2. Having to furnish a supervised place and time for parties to view the original transcript and exhibits.
  3. Not all attorneys have the setup to allow all parties to come in and view DVDs.

I believe the cost of an attorney-copied original transcript would be more costly than if copied and sold by the court reporter that originally created it because of comment 1 above. The proposed change does not address what a fair charge is for such copy work done by the taking attorney.  Court Reporter’s rates are limited to what the market will bear. 

I propose that the Court continue to allow court reporters to seal the original transcripts until such time as they are deemed necessarily opened by the Court.  If opposing counsel would like a copy of the transcript, I hope we can maintain the status quo, whereby the court reporter is called and asked by counsel to produce a copy for them at a set rate.   By providing a sealed original to the taking attorney, it protects the integrity of the original transcript and exhibits, while not taking up space at the courthouse.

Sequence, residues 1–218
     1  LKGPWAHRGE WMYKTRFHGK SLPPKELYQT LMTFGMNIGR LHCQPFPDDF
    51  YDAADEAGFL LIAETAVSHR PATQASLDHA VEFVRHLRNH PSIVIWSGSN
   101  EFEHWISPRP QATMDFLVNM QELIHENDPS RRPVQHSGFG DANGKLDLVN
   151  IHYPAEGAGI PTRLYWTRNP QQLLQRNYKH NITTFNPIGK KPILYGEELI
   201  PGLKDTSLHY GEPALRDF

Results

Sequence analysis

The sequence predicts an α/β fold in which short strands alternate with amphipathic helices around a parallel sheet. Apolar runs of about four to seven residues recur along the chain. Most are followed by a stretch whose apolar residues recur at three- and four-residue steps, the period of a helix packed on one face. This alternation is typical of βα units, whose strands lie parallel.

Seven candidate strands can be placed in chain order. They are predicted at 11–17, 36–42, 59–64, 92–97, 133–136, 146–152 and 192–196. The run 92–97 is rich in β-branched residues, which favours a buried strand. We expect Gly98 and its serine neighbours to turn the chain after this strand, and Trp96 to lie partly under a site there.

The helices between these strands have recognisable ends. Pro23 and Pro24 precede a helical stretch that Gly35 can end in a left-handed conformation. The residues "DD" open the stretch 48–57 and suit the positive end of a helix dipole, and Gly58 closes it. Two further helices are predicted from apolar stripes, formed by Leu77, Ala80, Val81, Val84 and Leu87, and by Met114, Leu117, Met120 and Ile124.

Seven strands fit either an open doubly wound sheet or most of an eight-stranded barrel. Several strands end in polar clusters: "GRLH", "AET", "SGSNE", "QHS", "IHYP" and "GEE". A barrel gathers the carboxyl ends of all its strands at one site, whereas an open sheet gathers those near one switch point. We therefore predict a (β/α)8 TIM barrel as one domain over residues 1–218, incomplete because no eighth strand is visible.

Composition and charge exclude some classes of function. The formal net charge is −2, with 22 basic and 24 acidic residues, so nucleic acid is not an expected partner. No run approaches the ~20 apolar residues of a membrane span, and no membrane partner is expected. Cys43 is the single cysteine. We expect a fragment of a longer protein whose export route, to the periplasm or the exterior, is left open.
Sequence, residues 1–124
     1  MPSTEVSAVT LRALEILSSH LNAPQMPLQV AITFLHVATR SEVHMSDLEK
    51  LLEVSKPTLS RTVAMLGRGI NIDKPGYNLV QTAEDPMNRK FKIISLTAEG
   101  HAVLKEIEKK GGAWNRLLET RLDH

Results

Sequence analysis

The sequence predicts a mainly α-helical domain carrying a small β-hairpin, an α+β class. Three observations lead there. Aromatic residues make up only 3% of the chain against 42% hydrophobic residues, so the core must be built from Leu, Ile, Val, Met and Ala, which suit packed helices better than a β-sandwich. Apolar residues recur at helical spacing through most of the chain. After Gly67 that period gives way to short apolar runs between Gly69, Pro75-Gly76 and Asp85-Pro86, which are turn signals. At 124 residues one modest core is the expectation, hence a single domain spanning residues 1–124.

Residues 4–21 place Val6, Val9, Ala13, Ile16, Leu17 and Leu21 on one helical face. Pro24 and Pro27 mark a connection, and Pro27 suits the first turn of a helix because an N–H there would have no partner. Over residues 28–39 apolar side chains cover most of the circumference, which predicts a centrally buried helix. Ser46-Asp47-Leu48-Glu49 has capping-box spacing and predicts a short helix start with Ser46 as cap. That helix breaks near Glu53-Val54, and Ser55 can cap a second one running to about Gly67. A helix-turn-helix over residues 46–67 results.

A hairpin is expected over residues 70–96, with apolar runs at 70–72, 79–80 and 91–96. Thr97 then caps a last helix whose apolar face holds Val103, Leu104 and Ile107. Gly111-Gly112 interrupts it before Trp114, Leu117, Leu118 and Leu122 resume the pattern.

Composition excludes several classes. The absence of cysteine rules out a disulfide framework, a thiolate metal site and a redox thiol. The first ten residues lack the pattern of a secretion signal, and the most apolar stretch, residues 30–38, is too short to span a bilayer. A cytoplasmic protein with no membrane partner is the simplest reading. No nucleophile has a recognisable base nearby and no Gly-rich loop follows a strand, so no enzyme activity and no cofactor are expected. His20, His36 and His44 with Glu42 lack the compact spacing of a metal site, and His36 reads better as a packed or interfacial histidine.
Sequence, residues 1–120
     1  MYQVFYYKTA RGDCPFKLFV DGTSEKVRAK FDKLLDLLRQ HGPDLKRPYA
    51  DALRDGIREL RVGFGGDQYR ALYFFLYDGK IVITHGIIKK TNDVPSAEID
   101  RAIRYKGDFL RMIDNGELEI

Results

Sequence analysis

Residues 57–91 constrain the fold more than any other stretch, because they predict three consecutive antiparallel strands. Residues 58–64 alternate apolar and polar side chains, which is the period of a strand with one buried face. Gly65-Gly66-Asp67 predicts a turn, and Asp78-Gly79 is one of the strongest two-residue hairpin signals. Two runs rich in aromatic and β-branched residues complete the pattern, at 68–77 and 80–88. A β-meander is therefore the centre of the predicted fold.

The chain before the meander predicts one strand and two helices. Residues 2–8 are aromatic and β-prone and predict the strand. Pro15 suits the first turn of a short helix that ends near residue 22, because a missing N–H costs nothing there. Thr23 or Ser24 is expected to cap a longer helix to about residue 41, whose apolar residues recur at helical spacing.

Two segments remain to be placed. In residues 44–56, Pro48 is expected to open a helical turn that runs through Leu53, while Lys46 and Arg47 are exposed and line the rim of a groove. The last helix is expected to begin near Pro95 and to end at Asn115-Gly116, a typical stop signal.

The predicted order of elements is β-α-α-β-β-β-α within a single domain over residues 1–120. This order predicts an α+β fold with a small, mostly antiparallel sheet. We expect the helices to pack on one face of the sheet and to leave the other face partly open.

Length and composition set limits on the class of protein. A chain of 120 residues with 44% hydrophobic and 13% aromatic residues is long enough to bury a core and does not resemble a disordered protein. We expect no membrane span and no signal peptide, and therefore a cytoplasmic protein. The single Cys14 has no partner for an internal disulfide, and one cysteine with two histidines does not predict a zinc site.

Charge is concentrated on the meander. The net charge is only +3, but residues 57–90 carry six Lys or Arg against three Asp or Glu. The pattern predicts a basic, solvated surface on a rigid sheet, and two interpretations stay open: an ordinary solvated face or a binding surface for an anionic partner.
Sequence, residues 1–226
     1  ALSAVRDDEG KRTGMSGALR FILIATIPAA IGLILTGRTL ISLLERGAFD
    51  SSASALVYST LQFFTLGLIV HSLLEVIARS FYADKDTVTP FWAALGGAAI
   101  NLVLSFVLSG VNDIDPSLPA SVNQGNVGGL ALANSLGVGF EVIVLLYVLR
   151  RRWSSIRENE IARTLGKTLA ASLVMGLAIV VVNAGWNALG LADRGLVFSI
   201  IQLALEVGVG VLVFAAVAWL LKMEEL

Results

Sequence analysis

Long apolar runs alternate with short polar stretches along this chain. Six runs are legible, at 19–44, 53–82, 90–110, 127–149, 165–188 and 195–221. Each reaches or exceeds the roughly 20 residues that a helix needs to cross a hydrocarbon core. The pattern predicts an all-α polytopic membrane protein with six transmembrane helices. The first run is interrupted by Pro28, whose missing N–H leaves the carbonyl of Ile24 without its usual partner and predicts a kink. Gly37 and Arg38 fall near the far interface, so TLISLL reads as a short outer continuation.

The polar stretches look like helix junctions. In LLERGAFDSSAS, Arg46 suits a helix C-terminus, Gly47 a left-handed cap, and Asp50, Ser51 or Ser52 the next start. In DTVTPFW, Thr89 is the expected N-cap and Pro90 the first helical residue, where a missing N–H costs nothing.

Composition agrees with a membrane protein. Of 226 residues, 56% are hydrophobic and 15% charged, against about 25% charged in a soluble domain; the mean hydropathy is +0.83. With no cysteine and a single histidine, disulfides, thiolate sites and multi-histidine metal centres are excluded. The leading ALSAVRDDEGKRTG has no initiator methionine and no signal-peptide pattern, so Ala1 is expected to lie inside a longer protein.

Lastly, I see a conflict in the language between 1201, Section 4 and 1202 as to who maintains the original video.  I propose the video be maintained by the taking attorney, as is the current practice, and filed with the Court as the Court deems necessary.

We at Taylor Court Reporting Kentucky encourage all Kentucky court reporters, Louisville court reporters, Kentucky legal videographersLouisville legal videographers, and attorneys to review the proposed changes and express opinions with Eric Darnell, Circuit Court Administrator, at ericdarnell@kycourts.net or 595-4588 by August 30, 2013.

Linda L. Taylor
Certified Court Reporter – KY